Mind of the Cat: 09/04

Dr. Lindell explains the reasons why it can be beneficial to leash-train your cat.

During the past month, I have received several letters from readers who wished to share stories about the advantages of having a leash-trained cat. Indeed, there are many reasons to consider teaching a cat to tolerate or even enjoy a leash. In this column, I will review some of these reasons.

Access to the Outdoors
Although a leash is often called a tether, for many cats it actually affords an opportunity for increased freedom. For many reasons – including safety of cats and wildlife – many people do not permit their cats to roam free outdoors. In some locations, cat fences may be installed. But in many cases, this is simply not an option. A leash and harness offer a cat the opportunity for safe, supervised outdoor activity. While outdoors, the harnessed cat can watch but not injure wildlife.

There are precautions that must be taken if a cat is to be allowed to venture outdoors.

First, a cat should never be tied and left outdoors unsupervised. A tethered cat could become an easy target to another animal. Furthermore, a cat left on a tether might attempt to leap up and actually strangle himself. Your cats leash must always be held by a responsible person.

Second, if your cat tends to respond to other cats or wildlife in an aggressive or fearful manner – hissing, growling or jumping from window to window with a frenzied look – then he should not be taken outside on a leash.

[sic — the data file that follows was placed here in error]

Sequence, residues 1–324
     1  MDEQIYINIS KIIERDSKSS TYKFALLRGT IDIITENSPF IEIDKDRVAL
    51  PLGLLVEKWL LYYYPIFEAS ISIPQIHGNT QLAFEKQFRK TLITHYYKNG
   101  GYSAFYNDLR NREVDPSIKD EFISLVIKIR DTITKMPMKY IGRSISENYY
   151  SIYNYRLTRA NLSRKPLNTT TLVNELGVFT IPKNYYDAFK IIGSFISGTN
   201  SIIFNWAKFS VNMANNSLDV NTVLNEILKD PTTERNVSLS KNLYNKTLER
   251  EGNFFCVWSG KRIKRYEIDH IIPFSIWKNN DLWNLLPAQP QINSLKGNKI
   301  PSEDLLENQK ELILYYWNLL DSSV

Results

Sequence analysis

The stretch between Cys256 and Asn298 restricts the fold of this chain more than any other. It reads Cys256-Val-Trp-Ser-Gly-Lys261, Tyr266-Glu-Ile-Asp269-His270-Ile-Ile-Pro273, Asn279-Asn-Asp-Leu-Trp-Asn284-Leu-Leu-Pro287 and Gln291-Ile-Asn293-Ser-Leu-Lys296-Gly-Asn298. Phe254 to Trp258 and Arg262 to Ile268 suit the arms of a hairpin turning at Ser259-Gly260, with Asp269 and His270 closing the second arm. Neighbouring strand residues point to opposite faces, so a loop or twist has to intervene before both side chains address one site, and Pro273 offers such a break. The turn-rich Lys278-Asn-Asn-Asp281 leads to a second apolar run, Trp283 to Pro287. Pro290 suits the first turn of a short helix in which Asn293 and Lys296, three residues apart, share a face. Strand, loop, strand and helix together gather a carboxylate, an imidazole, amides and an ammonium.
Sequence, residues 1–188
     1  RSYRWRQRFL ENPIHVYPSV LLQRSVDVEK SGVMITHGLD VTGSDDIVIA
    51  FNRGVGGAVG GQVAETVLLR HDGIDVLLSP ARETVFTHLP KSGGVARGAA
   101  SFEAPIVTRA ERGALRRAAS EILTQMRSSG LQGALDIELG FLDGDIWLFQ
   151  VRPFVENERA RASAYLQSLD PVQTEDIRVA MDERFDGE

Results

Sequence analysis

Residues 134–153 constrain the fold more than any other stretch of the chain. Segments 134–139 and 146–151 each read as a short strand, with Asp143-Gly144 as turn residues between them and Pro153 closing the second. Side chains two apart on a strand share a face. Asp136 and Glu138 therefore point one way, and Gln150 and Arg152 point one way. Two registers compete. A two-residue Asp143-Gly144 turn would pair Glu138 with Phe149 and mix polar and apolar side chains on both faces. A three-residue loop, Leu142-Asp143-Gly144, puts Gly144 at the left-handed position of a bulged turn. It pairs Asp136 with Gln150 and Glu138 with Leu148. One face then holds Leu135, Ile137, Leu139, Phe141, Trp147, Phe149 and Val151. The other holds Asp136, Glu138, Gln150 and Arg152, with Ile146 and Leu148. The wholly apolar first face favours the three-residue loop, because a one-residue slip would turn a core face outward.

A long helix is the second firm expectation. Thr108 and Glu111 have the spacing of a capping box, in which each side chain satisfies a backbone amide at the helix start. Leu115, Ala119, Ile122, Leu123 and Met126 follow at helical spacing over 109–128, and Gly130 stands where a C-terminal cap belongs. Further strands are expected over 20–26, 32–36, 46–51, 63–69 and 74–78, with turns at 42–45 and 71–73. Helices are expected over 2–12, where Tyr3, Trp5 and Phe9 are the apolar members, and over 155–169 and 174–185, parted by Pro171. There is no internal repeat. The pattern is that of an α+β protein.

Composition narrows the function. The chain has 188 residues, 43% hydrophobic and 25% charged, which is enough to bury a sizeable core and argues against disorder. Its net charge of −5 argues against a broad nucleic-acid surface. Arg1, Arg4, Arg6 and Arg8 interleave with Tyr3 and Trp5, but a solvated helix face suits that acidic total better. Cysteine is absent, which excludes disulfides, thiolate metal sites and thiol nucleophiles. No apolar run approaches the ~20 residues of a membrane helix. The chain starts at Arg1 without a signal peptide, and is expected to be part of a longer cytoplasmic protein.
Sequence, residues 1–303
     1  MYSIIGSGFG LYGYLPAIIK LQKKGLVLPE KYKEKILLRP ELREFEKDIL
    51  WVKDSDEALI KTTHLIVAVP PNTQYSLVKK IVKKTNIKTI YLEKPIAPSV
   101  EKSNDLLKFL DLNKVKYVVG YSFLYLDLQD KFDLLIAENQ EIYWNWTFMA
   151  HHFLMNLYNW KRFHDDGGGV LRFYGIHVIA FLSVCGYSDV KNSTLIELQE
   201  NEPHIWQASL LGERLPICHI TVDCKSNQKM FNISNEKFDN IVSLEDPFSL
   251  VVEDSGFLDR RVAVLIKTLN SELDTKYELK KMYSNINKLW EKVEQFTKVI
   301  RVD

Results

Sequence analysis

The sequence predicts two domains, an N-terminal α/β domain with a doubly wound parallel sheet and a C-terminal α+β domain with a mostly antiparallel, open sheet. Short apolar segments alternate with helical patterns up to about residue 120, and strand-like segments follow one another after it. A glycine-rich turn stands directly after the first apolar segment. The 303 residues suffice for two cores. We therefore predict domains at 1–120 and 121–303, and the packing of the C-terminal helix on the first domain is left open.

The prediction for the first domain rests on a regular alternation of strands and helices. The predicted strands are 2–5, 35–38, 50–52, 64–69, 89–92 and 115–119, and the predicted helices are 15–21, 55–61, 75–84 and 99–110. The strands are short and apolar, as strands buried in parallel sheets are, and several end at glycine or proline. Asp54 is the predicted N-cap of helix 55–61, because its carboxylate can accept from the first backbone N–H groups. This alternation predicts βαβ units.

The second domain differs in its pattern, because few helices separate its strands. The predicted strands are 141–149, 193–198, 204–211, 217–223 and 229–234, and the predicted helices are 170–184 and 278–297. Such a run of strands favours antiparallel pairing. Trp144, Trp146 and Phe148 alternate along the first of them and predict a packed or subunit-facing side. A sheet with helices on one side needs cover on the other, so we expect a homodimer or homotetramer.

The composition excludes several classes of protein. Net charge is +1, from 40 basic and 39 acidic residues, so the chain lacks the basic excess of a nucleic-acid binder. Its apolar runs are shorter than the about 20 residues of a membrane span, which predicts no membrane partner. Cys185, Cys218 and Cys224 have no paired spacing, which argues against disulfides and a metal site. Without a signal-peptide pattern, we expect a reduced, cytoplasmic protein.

Finally, any cat that goes outdoors must be completely up-to-date on his vaccinations. Flea, tick and heartworm control may be needed in certain areas. Be sure to inform your veterinarian if your cat spends any time outdoors.

Another reason to leash-train a cat is in anticipation of the arrival of a new pet, a baby, or even a new adult family member. Some cats are overly assertive and may frighten a newcomer. By using the leash, the cat may be held at a safe distance. Introductions can be carefully controlled until both parties exhibit appropriate behavior.

Other cats are very fearful and may choose to flee upon the arrival of the new addition. Whenever a cat runs in terror, his fear is actually reinforced. By using the leash, you may gradually teach your cat to feel safe with the newcomer nearby. This gradual process is called desensitization. At no time would the leash be used to force a frightened cat to remain in an utterly unbearable position.

Rather, a relatively safe starting distance would be established. At this safe point, an individual cat might be a little nervous but would not be actively pulling or thrashing in an attempt to escape. Instead, the leash would provide support while the cat learned to appreciate that there is no danger. Over a series of sessions, the cat would be permitted to get closer to the newcomer.

General and Emergency Handling
There are other advantages to teaching a cat to wear a leash. Once a cat has been leash-trained, he has accepted that, in some situations, his people simply need to take charge. As part of the training process, the cat will learn that he is about to be handled and that the outcome will more than likely be pleasant.

Leash-training can also pay off in an emergency situation when a rapid departure is essential. Although the safest way for a cat to travel is inside a carrier, a situation may arise in which seconds count. If a carrier is not accessible, the leash-trained cat will allow you to quickly fasten the leash, which should be left hanging by the door for just such an emergency.

Next month, I will offer some strategies for teaching your cat to wear a leash and harness.